An Attempt at Normalcy as Damascus Finds Itself Caught in the Crosshairs

Feb 20, 2013 6:43pm
abc terry moran syria nt 130220 wblog An Attempt at Normalcy as Damascus Finds Itself Caught in the Crosshairs

Image credit: ABC News

ABC News’ Terry Moran and his team take a rare and dangerous journey into the embattled Syrian capital of Damascus for the special reportInside Syria: The Battle for Damascus.

It’s just an ordinary place in Damascus – a hostel for visiting sports teams near the stadium – but death paid a visit today.

A rebel mortar shell fired from the suburbs blasted out windows and scattered shrapnel into the building, killing a young soccer player.

His teammate was in the room when it happened.

“We couldn’t save him,” he said.

His friend’s phone kept ringing – it was his friend’s widow – but he couldn’t bring himself to answer.

“We’re just athletes,” he said. “We want them all to stop fighting.”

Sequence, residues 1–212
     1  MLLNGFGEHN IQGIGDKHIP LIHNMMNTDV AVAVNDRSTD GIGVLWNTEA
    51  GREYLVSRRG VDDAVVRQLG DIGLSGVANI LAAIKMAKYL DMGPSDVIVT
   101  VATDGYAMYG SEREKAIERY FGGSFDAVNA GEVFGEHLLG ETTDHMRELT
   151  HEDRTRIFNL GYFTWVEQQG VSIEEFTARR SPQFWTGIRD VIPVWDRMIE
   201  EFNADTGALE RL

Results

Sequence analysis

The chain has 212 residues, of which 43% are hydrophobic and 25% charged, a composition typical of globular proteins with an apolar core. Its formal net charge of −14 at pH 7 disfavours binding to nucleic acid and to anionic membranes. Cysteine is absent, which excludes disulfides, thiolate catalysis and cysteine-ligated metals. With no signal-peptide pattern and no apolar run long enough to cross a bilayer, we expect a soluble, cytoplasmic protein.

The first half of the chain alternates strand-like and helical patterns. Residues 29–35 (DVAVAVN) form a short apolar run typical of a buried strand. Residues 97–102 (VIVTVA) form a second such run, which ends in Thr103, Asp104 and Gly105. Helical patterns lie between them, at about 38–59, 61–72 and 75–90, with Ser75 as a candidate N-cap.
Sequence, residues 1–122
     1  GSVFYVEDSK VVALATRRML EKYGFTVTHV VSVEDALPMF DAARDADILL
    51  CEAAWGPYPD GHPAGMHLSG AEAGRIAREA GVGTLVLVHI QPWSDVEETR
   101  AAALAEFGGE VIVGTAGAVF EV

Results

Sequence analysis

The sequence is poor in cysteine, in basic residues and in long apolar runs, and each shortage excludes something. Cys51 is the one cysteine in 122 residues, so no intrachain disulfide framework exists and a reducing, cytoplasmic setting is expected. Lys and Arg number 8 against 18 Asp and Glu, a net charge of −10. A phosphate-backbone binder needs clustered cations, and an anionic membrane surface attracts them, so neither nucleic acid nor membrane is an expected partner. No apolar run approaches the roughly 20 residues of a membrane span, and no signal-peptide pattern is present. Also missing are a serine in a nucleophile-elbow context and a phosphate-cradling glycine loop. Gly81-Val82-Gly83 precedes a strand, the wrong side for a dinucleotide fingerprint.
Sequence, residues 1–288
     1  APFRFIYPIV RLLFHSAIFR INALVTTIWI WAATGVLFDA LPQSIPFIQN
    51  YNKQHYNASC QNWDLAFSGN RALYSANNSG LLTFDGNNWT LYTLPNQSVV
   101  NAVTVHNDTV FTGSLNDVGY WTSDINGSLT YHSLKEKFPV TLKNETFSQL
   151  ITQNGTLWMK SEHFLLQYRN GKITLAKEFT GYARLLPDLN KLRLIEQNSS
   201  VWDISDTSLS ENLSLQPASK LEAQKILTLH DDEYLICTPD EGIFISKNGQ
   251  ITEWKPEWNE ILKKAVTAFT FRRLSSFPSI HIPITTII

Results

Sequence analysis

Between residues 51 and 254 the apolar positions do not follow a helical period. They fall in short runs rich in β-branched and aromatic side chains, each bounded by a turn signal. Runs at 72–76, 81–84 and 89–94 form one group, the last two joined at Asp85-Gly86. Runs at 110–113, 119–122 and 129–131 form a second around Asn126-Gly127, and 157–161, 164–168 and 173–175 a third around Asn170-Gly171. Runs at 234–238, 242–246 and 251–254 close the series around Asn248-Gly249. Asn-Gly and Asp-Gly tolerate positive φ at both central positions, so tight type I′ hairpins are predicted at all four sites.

But this war, like all wars, is merciless.

In Hamouriyah, a suburb just a few miles from the hostel, at least 13 people were killed in an apparent government airstrike.

And a rebel group released a video today that, it said, shows members shooting down a Syrian jet fighter.

This afternoon, we went to the main military hospital in Damascus. Syrian forces are taking heavy casualties in this war. As many as 16,000 have been killed.

There, we met Gen. Nidal Ibrahim, whose legs were badly shot up but who remains defiant about the war and the tactics his troops have used, which international human rights groups said include possible war crimes, as well as crimes against humanity.

“You must use terror against terror. Unfortunately, civilians are killed,” he said.

But life somehow continues in Damascus. You can still stroll through the old markets. We bought some nuts from a very enthusiastic merchant.

“I am Hamoud Rasheen! Syria strong!” he yelled.

At dusk, you can still enter the splendid Ummayad Mosque – an ancient house of God and oasis of peace. The people pray and the children play on an endless carpet while, outside, their nation drowns in the blood of civil war.

For more on Terry Moran’s journey into Damascus, Syria, click here and here.

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